Apoptosis is not enhanced in primary mixed neuronal/glial cultures protected by isoflurane against N-methyl-D-aspartate excitotoxicity.
Volatile anesthetics reduce acute excitotoxic cell death in primary neuronal/glial cultures. We hypothesized that cells protected by isoflurane against N-methyl-d-aspartate (NMDA)-induced necrosis would instead become apoptotic. Primary mixed neuronal/glial cultures prepared from fetal rat brain were exposed to dissolved isoflurane (0 mM, 0.4 mM [1.8 minimum alveolar anesthetic concentration], or 1.6 mM [7 minimum alveolar anesthetic concentration]) and NMDA (0 or 100 microM) at 37 degrees C for 30 min. Dizocilpine (10 microM) plus 100 microM NMDA served as a positive control. Necrosis and apoptosis were assessed at 24 and/or 48 h after exposure by using Hoechst/propidium iodide staining, terminal-deoxynucleotidyl transferase end-nick labeling, DNA fragmentation enzyme-linked immunoabsorbence, and caspase-3 activity assays. NMDA increased the number of necrotic cells. Isoflurane (1.6 mM) and dizocilpine partially reduced cellular necrosis but did not increase the number of morphologically apoptotic or apoptotic-like cells resulting from exposure to 100 microM NMDA at 24 h. At 48 h, no evidence was found to indicate that cells protected by isoflurane had become apoptotic or apoptotic-like. However, cells protected by dizocilpine against necrosis showed evidence of caspase-3-mediated apoptosis. These in vitro data do not support the hypothesis that isoflurane protection against acute excitotoxic necrosis results in apoptosis.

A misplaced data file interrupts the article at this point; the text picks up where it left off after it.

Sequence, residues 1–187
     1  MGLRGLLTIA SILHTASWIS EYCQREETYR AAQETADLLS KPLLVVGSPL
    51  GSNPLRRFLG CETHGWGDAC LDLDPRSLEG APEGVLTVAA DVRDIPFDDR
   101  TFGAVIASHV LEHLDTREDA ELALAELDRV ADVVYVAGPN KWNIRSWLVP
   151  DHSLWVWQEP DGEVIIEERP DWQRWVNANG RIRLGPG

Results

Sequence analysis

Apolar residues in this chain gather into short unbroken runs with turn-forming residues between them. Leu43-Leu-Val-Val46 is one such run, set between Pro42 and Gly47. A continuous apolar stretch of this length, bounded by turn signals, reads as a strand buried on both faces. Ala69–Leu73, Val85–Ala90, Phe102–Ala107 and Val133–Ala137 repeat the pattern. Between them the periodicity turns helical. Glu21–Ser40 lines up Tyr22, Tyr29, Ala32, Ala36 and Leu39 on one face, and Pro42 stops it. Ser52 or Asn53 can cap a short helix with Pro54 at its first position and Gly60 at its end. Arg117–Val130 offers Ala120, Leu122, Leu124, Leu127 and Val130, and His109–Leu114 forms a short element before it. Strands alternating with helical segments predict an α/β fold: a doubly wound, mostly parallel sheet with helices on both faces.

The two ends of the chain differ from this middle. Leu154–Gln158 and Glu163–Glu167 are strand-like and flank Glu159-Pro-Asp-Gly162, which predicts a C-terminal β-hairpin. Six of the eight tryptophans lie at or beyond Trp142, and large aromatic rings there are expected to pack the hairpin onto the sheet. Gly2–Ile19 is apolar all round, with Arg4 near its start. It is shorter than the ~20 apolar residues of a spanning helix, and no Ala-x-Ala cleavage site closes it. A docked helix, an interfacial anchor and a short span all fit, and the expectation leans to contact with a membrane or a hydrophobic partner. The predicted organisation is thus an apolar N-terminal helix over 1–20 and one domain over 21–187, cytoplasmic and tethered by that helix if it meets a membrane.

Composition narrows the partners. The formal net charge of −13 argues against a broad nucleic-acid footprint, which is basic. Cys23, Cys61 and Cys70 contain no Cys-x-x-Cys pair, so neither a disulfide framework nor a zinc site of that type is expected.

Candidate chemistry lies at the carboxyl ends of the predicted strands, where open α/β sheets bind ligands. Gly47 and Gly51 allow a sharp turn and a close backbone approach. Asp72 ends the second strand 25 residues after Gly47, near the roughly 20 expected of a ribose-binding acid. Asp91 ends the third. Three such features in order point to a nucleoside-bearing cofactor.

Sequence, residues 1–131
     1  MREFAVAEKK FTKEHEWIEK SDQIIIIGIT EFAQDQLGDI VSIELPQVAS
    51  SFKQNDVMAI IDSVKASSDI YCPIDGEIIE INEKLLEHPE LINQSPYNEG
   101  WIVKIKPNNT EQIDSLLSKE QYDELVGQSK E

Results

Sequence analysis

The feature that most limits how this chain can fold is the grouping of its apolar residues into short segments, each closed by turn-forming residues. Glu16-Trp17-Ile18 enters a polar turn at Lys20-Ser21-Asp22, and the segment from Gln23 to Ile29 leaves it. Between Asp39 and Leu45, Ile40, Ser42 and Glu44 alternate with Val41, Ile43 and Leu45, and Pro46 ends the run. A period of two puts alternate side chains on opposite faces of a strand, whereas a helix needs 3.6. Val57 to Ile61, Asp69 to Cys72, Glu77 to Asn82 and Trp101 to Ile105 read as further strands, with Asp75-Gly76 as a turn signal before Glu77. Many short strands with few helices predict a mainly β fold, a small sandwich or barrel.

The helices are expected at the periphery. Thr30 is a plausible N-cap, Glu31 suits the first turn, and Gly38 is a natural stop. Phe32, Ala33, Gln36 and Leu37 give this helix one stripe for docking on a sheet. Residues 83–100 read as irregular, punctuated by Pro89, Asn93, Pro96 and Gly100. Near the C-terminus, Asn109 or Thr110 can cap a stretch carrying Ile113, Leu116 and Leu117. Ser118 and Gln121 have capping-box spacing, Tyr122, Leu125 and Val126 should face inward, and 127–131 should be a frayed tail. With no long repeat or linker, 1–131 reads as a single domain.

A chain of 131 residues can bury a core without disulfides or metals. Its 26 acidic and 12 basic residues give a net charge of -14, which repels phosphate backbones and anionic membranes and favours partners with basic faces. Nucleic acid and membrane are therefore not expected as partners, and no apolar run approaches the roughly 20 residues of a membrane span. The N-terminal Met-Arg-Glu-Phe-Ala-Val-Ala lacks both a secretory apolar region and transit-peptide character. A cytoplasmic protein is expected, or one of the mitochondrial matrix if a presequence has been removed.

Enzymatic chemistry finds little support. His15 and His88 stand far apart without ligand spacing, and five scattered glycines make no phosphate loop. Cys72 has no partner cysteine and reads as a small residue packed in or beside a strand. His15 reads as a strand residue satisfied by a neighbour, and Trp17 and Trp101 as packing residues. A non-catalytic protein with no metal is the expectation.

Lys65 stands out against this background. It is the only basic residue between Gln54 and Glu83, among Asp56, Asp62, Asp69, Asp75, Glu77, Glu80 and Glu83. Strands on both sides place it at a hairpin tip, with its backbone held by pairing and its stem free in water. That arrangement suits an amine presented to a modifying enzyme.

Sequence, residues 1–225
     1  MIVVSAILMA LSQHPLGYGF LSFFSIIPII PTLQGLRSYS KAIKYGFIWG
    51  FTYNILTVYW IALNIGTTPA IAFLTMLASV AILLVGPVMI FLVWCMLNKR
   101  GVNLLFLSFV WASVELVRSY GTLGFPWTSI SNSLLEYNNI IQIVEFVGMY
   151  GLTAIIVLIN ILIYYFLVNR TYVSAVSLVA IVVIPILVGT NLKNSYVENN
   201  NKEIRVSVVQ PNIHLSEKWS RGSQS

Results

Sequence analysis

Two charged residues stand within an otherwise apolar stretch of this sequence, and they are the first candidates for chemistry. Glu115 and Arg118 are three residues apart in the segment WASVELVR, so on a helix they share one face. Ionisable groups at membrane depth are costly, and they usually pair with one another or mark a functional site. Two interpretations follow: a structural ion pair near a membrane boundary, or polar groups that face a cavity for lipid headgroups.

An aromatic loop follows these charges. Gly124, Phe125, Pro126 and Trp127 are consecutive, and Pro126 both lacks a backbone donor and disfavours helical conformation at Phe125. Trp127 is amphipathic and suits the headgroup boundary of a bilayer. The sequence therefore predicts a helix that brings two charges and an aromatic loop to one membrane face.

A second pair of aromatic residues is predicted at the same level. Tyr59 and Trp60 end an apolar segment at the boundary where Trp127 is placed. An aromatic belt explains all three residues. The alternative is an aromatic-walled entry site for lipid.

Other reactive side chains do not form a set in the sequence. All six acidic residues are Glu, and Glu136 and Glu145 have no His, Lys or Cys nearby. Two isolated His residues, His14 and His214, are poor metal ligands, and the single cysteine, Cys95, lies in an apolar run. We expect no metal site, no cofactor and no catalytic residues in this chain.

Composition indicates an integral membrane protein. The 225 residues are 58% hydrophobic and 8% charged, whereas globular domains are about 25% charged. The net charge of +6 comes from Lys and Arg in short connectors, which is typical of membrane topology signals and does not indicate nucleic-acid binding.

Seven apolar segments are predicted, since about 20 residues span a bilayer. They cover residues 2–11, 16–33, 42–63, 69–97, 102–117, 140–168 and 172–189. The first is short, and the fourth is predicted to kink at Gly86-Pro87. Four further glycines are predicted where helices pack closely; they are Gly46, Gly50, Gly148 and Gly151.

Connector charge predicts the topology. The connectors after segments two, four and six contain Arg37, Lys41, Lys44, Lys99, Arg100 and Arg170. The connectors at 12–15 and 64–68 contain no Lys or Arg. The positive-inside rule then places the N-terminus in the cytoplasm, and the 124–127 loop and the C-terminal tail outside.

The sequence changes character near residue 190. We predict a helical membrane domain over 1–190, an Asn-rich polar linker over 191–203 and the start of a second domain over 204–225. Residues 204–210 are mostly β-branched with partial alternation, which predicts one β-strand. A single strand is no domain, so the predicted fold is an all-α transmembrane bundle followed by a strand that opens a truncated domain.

Wise-Faberowski, L; Aono, M; Pearlstein, RD; Warner, DS
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